Thievery: Jonathan Pinnock
One Thursday per month, I invite my favourite writers to share the inspirations behind their stories. Here’s one from the multitalented Jonathan Pinnock.
“So what… I mean… how…” It’s not always easy to open the conversation with a beggar. But he understood what I was asking.
“You may not believe it looking at me now,” he began, “But I went to university once. Studied zoology.”
“Really?” I said.
“Yeah. But after I flunked out, the only job I could get was as a zookeeper.”
“Well, at least you still managed to work with animals,” I said, trying to sound positive.
“Hah. Have you ever considered how much shit they produce?”
“No,” I replied, truthfully. “Rather a lot, I imagine.”
“Rather a lot,” he said, “Rather a lot.”
‘The Birdman of Farringdon Road’ is the story of an office worker who is trying to ascend the greasy pole of management by whatever means. One morning he falls into conversation with a beggar who seems to have a magical gift that he can turn to his advantage. Inevitably, this gift turns out to be double-edged, with disastrous consequences. It’s essentially a modern-day fable about corporate venality and incompetence.
It’s actually quite a rare event for an idea of a story to arrive fully-formed in my head. Usually it starts with some kind of a prompt that dredges up something from my subconscious in order to make the various bits fit together. In this case, the prompt (for a competition in fact) was “write a story including a bucket, a feather and an apple”.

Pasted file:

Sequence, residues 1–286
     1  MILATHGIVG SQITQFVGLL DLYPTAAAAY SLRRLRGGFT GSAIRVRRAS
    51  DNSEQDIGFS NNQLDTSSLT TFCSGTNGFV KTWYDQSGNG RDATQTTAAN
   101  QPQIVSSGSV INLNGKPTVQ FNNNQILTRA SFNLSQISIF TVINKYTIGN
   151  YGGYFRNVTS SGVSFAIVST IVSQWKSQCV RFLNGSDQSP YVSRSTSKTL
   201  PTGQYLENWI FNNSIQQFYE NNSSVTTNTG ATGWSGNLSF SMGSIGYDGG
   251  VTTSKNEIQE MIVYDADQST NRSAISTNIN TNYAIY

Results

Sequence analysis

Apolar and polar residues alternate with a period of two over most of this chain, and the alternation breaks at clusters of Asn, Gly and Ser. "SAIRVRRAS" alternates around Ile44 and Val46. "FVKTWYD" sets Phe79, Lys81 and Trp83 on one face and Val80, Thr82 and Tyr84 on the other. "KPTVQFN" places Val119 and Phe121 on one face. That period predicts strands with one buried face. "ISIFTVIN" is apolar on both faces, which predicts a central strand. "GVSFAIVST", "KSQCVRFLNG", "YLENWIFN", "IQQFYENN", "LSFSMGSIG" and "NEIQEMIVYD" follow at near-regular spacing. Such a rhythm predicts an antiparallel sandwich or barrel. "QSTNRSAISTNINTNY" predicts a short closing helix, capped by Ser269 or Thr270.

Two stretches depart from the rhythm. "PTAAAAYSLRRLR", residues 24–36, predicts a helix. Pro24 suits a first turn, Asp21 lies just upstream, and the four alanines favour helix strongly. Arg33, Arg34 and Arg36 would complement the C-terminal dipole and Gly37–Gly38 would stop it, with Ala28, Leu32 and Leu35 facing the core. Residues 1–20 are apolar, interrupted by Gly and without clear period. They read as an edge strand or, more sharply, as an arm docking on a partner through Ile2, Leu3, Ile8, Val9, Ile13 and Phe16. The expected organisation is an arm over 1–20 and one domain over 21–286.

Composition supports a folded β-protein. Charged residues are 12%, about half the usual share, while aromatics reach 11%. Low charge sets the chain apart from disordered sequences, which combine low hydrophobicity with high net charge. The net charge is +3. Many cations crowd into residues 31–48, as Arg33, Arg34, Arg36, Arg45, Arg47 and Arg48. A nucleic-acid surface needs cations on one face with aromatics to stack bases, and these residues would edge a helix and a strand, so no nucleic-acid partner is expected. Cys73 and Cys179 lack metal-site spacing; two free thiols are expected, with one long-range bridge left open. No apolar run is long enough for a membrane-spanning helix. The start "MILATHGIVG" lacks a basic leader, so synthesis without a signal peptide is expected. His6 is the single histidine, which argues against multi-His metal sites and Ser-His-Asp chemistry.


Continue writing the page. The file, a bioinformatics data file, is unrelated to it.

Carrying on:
The bucket made me think of something a beggar might put out to solicit contributions and that in turn required a protagonist who was somehow interacting with him. The feather was the trigger to take the story into slightly weirder territory, as it gave the opportunity for the beggar to demonstrate his ability to “see” what kind of an animal the protagonist really was.
This was the cue for the protagonist to see what profit he can make out of this – and also a chance for a bit of comedy as the beggar analyses each of the other customers in turn. I quite liked the idea of introducing manatees and penguins into the story.
From then on, the story rolls on towards its inevitable conclusion. The apple part of the prompt disappeared in the second draft of the story, incidentally – although you’re welcome to see if you can work out where it was.
To me, the interesting part of this is that if I’d set out to write a story about management bollocks, it would have been extremely dull. But because I started from trying to fit an odd set of initial prompts together, it made for a far more interesting proposition. And yes, the protagonist could have been me once, at least until I reached my level of incompetence and got found out. Which was, as things turned out, the best thing that ever happened to me.